Trichomonas vaginalis causes an estimated 175 million sexually transmitted infections (STIs) worldwide annually,1 yet receives limited attention in clinical practice. In women, the prevalence of this infection is estimated to range from 3–48%.2,–4 Vaginitis is a frequent result of infection; pelvic inflammatory disease, cervical neoplasia, and pre-term delivery are also associated with T vaginalis.5,–7 In men, T vaginalis is infrequently diagnosed due to fewer symptoms and the use of insensitive diagnostic tests. However, the organism can lead to urethritis, epididymitis, prostatitis, and infertility8 and may also increase the transmission of HIV.9,–10
Investigators from the University of North Carolina, Chapel Hill; Durham County, Wake County, and Jefferson County Health Departments, NC; and the University of Alabama, Birmingham, conducted a prospective, multicenter study to evaluate T vaginalis infection in male partners of women with trichomoniasis. Between November 2001 and July 2003, 3,836 women were pre-screened for trichomoniasis in three STD clinics. A total of 790 women (median age 29, range 18–69, 93% black) with T vaginalis infection were identified (prevalence 20.6%). Of this group, 540 infected women were enrolled. A total of 261 males (median age 30, range 18–79, 98% black) identified as the most frequent partner of an enrolled woman participated in the study. Of the 261 women with enrolled partners, 153 (58.6%) reported vaginal discharge and 70 (26.8%) were asymptomatic. Based on the results of urine and urethral culture, 15.6% of the enrolled men were identified as having trichomoniasis. However, using cultures and urine PCR, 71.7% of men were found to have trichomoniasis; among the 53 men who also provided semen for culture and PCR, the rate of infection was 81.1%. Of the 177 men who tested positive for T vaginalis, 136 (76.8%) were asymptomatic while 21 (11.9%) had a penile discharge.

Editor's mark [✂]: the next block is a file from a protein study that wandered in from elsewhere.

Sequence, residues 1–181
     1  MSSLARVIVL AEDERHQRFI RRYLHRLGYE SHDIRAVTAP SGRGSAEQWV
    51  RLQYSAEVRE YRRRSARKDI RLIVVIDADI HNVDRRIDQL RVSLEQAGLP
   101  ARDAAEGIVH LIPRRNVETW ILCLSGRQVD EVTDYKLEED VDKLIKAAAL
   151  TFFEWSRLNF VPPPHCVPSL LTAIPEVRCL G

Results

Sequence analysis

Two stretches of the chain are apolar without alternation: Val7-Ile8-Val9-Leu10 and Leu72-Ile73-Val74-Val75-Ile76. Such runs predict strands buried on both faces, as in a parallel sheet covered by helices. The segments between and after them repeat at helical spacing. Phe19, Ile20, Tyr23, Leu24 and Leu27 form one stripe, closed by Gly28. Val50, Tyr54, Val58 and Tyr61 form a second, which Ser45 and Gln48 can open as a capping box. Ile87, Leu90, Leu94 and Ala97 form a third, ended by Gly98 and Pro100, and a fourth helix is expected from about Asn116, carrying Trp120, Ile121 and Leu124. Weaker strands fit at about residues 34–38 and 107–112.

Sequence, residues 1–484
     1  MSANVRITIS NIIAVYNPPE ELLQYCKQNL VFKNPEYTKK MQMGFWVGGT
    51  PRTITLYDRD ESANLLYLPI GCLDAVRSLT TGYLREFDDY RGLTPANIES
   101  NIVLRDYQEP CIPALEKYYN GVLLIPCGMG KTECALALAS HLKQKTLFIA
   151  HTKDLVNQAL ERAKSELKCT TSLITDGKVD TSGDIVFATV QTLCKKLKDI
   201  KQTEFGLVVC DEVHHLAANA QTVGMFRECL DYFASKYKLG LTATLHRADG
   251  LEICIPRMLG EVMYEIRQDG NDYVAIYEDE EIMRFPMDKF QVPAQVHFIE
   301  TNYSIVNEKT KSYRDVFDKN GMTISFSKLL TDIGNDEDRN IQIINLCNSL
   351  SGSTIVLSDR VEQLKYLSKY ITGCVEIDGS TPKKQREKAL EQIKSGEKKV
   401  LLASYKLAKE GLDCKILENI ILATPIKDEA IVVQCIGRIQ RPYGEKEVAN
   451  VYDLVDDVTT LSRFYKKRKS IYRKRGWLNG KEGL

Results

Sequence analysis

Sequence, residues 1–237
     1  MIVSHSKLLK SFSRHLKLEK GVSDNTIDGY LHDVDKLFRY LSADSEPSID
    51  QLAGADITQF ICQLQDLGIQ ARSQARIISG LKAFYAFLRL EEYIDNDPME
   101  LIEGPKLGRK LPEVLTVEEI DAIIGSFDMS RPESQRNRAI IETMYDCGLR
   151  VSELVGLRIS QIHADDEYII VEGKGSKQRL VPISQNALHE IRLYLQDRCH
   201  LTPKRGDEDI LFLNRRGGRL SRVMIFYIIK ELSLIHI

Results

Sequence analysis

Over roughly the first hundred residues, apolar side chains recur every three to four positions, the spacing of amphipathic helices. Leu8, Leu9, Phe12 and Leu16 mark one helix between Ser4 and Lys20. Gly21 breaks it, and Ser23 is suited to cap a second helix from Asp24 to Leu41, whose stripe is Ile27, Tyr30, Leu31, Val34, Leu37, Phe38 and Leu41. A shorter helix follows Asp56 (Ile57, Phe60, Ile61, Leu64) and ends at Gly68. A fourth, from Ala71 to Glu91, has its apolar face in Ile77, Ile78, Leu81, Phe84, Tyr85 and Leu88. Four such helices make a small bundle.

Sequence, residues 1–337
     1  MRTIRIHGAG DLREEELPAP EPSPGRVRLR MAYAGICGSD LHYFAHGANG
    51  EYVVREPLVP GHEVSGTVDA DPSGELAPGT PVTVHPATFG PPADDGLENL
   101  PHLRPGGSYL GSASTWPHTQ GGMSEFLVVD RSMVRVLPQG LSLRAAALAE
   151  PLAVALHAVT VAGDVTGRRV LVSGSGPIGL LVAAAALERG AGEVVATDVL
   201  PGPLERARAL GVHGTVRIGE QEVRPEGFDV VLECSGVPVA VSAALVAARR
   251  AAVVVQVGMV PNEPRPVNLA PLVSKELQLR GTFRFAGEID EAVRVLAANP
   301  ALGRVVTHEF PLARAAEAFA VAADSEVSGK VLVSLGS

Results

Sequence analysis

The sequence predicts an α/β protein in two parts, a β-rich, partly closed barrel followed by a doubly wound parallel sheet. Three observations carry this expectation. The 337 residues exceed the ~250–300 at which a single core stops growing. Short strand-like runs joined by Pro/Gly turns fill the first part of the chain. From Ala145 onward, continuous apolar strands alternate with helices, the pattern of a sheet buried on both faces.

The authors conclude that the majority of male partners of women with T vaginalis were also infected despite a low prevalence of symptoms, and that PCR was sensitive enough to identify infection.
Dr. Schiff has disclosed no financial relationship relevant to this commentary. This commentary does not contain a discussion of a commercial product/device. This commentary does not contain a discussion of an unapproved/investigative use of a commercial product/device.
As emphasized in the concurrent editorial, T vaginalis infection is the most prevalent nonviral sexually transmitted infection in the US and world today — and perhaps the most neglected.11 The mistaken assumptions that, despite the widespread frequency of T vaginalis in women, men are infrequently infected, and that the consequences of infection are usually insignificant, have resulted in persistent, almost universal inattention to this disease. General pediatricians caring for sexually active adolescents need to strongly consider the possibility of this infection, including in asymptomatic males, and use sensitive diagnostic tests such as...